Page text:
Glaucoma 101 Part 2: Detection and Treatment Hero

Glaucoma 101 Part 2: Detection and Treatment

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Glaucoma is the second leading cause of vision loss in the world, accounting for around 9-12% of all reported cases of blindness. In fact, more than 120,000 affected individuals in the U.S. lose their sight due to glaucoma.

Glaucoma 101 Part 2: Detection and Treatment

As we observe Glaucoma Awareness Month this January, Park Slope Eye, your esteemed family eye care clinic, is committed to spreading awareness about glaucoma and how it is treated.

How Do You Detect Glaucoma?

The most reliable way to confirm glaucoma is through a complete eye examination. Our screening process often includes a tonometry test to measure your intraocular pressure (IOP) levels. This may involve releasing a small puff of air into your eyes. We’ll then check your cornea for any indentations and evaluate its ability to resist pressure. Values above the normal range of 12-22 mmHg may be a sign of glaucoma.

Your eye doctor may also use a pachometer to assess the thickness of your cornea. Through a slit-lamp exam, we may inspect your drainage angle for any obstructions or structural irregularities and your optic nerve for any signs of damage. We may perform a visual field test as well to assess your ability to see the objects at your sides clearly.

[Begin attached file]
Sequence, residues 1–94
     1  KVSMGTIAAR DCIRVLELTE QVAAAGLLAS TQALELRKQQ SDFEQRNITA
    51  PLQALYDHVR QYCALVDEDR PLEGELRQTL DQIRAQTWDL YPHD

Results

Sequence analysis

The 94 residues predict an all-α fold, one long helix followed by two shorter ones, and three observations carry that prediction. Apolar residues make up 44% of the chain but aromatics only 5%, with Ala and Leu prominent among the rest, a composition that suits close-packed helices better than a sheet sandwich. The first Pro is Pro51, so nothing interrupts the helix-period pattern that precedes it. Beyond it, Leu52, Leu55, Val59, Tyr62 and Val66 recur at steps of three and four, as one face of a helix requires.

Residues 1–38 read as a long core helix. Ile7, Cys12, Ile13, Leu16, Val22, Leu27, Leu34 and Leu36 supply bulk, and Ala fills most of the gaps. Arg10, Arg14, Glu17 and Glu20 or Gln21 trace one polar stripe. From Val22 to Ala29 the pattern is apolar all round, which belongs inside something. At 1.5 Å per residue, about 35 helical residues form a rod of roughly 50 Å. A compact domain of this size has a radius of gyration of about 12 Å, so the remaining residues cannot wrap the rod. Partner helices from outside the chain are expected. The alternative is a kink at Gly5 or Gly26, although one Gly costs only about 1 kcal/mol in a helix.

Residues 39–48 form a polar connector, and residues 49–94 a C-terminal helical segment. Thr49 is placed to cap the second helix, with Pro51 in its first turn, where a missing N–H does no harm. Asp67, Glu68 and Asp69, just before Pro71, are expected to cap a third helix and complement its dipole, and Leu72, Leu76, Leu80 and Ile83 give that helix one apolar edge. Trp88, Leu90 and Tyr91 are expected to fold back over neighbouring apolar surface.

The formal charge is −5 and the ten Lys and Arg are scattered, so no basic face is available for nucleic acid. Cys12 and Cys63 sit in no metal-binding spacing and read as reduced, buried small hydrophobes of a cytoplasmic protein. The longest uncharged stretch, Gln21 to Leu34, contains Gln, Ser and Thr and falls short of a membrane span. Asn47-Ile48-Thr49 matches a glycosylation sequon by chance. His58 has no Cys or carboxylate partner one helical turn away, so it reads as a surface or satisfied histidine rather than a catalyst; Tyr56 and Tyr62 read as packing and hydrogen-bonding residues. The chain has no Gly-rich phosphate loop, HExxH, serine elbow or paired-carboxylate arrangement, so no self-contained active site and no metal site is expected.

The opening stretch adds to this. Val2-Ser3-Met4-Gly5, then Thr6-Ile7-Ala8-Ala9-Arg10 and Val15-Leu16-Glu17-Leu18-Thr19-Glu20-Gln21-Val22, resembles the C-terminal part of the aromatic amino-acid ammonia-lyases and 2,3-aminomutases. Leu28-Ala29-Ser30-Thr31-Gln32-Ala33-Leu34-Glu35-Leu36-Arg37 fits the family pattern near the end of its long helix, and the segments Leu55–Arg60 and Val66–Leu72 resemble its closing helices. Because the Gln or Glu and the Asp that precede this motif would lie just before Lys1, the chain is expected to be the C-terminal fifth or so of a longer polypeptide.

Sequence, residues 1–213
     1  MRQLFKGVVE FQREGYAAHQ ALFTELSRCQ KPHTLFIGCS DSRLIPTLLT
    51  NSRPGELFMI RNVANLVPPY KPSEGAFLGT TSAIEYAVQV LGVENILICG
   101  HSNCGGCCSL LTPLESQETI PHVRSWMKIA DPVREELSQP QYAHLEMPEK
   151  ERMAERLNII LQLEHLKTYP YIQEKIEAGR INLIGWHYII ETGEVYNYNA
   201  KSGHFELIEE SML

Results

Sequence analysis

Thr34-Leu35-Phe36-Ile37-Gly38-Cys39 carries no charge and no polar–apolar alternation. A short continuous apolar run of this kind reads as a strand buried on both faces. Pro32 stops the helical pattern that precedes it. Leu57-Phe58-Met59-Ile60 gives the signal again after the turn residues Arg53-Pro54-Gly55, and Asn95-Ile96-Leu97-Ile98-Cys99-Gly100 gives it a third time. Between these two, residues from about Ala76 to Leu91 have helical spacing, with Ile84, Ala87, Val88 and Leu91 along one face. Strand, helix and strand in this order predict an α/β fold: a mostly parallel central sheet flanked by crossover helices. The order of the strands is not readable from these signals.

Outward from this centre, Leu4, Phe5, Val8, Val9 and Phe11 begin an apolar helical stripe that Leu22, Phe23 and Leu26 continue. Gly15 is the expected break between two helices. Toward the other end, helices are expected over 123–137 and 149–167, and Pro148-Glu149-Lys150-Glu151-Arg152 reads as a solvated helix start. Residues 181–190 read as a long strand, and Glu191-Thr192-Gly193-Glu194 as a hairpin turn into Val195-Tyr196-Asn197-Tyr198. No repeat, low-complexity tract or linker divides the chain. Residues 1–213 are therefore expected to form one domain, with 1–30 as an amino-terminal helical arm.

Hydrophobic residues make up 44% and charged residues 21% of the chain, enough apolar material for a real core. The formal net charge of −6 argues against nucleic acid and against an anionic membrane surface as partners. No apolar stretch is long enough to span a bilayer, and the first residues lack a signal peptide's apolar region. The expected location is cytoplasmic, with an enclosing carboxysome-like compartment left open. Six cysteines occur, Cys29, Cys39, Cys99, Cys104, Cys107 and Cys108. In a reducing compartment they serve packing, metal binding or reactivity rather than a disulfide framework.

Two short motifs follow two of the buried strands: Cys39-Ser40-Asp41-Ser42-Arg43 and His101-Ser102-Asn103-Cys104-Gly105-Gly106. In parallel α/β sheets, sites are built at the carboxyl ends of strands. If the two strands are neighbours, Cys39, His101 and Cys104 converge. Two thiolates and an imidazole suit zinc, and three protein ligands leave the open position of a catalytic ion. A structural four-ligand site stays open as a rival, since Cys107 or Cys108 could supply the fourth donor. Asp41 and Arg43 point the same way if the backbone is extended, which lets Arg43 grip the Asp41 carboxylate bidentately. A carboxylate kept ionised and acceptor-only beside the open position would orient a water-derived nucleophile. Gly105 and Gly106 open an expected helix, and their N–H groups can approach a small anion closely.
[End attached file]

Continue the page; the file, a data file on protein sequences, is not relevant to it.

What Are the Treatment Options for Glaucoma?

Optical damage caused by glaucoma is generally irreversible. Certain medications and treatment options, however, can help halt the progression of the disease and preserve your eyesight. Applying IOP-lowering eye drops can help reduce eye fluid production or promote better fluid flow into the drainage angle.

Corrective surgery may also be part of your eye care plan. Trabeculoplasty, for example, is often recommended for those with open-angle glaucoma. This is a laser-assisted procedure that aims to make the emptying angle more efficient in draining eye fluids. We usually advise iridotomy for those with narrow-angle glaucoma. Using a laser beam, we’ll create a tiny hole in your iris, increasing fluid outflow.

For more information about our glaucoma care services, fill out our contact form to schedule an appointment. We serve Brooklyn, NY, and the surrounding areas. Check out the first half of this two-part blog to learn about the risk factors, root cause and major types of glaucoma.

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  • Written by Justin Bazan

    Dr. Justin Bazan is a 2004 SUNY College of Optometry graduate. He established Park Slope Eye in 2008 with the goal of providing high quality eyecare and incredible eyewear for the neighborhood. He has a true passion for optometry and stay up to date with the current research and trends. He is active in the profession and holds several leadership positions on the local, state and national levels. Dr. Bazan is a Park Slope local and can often be seen out in the neighborhood so be sure to say Hi next time you see him!

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